Dean Smith’s fan mail, a Qur’an small enough to fit in a locket around your neck, 17th century French novels embossed in gold – all these items and more will be on display on Thursday, April 4 from 5 p.m. to 7:30 p.m. at Wilson Library’s Recent Acquisitions Evening.
The event, which is free and open to the public, will feature more than 100 items that have been added to the Wilson Library collections in the past two years. The items will be on display in the Fearrington Reading Room.
This is the first year that pieces from all five of the library’s collecting areas will be featured. The collections include Rare Books, the North Carolina Collection, the University Archives, the Southern Historical Collection and the Southern Folklife Collection.
Elizabeth Ott, the Frank Borden Hanes Curator of Rare Books, said this year's display will be the most diverse one yet.
“A lot of the times people think that in Wilson Library we’re only interested in the far distant past, that it’s really old books,” Ott said. “As the curator of the ‘really old books collection,’ I like that, but also it’s not true. We collect all the way up to the present day and we collect all sorts of historical materials.”
Some of these materials include 2017-2018 editions of La Conexión, a Spanish-language newspaper published in Raleigh; hand-printed lecture posters created by biology professor Bob Goldstein; and a copy of American Studies professor William Ferris’ Grammy-winning album, “Voices of Mississippi: Artists and Musicians Documented by William Ferris.”
“We’ll have some interactive displays that will be available at the event that will also show not just how we collect the paper past, but also how we're collecting the electronic future,” Ott said.
In addition to the present-day materials, historical artifacts will also be on display, like a 16th century Czechoslovakian notebook featuring a hand-copied transcription of Aristotle’s “Ethics.”
“We will have material in so many different languages, Latin, German, French, Cherokee, just across the board,” Ott said. “We’re gonna have everything from art and artists books to some of the commercial-type records. There will be music, there will be video, it’s gonna be fun.”
Library staff will also be available during the event to answer any questions attendees have about the acquisitions.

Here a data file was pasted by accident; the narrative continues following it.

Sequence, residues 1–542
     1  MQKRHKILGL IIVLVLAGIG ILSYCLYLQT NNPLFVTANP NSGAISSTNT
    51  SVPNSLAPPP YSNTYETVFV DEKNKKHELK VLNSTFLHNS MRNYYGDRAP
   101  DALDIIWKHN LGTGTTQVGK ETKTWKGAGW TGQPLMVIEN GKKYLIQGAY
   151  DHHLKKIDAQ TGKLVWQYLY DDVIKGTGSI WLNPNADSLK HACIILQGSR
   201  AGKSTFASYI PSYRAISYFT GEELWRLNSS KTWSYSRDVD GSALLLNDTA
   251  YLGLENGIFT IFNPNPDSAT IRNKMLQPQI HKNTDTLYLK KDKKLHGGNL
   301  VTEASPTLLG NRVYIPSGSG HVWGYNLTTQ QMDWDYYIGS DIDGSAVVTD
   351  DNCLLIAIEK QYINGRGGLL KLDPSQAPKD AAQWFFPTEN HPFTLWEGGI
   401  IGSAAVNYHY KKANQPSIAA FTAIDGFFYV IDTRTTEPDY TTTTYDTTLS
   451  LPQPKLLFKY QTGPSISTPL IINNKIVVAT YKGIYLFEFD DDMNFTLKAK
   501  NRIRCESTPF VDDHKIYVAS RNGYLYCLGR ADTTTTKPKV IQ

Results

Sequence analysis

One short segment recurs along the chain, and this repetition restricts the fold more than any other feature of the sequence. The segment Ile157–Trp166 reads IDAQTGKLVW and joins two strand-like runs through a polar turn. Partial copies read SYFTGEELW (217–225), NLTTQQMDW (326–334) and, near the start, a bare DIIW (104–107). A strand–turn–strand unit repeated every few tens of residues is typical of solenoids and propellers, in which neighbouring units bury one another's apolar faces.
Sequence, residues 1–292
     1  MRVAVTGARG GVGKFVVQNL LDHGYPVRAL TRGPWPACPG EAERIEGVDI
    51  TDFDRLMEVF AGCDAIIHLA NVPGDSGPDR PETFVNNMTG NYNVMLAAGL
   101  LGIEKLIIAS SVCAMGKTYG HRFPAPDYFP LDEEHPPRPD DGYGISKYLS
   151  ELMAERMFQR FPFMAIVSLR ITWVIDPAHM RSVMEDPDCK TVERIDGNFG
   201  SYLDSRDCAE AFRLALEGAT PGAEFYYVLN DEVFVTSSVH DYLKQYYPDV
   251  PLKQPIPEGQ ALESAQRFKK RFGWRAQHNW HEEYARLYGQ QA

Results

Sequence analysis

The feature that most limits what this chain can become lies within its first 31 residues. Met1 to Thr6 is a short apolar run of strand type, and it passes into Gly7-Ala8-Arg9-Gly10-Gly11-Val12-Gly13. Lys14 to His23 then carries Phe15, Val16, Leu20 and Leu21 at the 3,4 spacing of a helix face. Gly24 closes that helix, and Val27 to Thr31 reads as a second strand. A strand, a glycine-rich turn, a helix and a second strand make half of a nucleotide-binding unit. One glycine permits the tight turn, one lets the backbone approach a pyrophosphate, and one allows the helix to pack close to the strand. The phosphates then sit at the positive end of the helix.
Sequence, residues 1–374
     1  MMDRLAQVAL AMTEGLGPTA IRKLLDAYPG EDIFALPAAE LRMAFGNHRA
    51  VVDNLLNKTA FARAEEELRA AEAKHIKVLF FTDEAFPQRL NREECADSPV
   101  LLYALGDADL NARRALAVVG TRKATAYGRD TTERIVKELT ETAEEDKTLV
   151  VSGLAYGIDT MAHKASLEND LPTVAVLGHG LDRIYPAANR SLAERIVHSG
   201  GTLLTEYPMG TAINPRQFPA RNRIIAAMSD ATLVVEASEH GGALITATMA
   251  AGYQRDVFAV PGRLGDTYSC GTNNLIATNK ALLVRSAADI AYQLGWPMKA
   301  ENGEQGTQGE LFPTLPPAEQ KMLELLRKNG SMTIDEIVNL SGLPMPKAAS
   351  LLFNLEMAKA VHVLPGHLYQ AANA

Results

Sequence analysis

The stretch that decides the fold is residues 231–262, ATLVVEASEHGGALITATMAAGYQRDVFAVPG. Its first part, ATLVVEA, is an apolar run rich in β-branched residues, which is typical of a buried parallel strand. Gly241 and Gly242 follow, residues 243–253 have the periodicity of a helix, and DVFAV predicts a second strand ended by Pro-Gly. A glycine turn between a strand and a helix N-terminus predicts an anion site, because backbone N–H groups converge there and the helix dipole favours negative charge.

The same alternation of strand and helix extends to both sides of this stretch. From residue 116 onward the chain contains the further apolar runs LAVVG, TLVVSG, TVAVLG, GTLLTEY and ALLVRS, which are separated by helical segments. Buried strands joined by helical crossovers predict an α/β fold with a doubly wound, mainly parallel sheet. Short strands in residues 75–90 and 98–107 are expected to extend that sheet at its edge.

“The table I’ll be helping to staff is the one highlighting recent acquisition of the Dean Smith Papers,” said Jason Tomberlin, head of research and instructional services at Wilson Library. “We got his papers a few years ago, so I’ll be at that table working and greeting individuals who will be coming by to see material.”
North Carolina Collection Gallery Keeper Linda Jacobson said the acquisitions event will provide alumnus with an opportunity to reminisce on their times at UNC.
“We are going to have a chief marshal sash which was worn by the 1969 Beat Duke Parade chairman. There was a Beat Duke Committee and parade that they planned and so this is from '69,” Jacobson said. “As far as women’s history, we have a lot to show for women’s history, women here at UNC. The earliest women students here were in the UNC School of Nursing and we happen to have a uniform and a cape from 1950 students there. We’ve got a 1950's women’s class jacket or blazer and a makeup compact.”
In addition to providing people with a glimpse into University history, Ott hopes the event will show people that the Wilson Special Collections are available for anyone to explore, whether they be dedicated researchers or curious students.
“I really hope that people will have a new understanding of Wilson Library and what’s behind the scenes, and I hope they’ll have fun. It’s really a fun event,” Ott said. “So often I think this building seems like it’s very intimidating and that you can’t learn more about the collections unless you’re going to be a serious researcher. And we love serious researchers, we do, we cater to them, but every student at Carolina, these resources are here for you to enhance your learning and your understanding of the world around you.”
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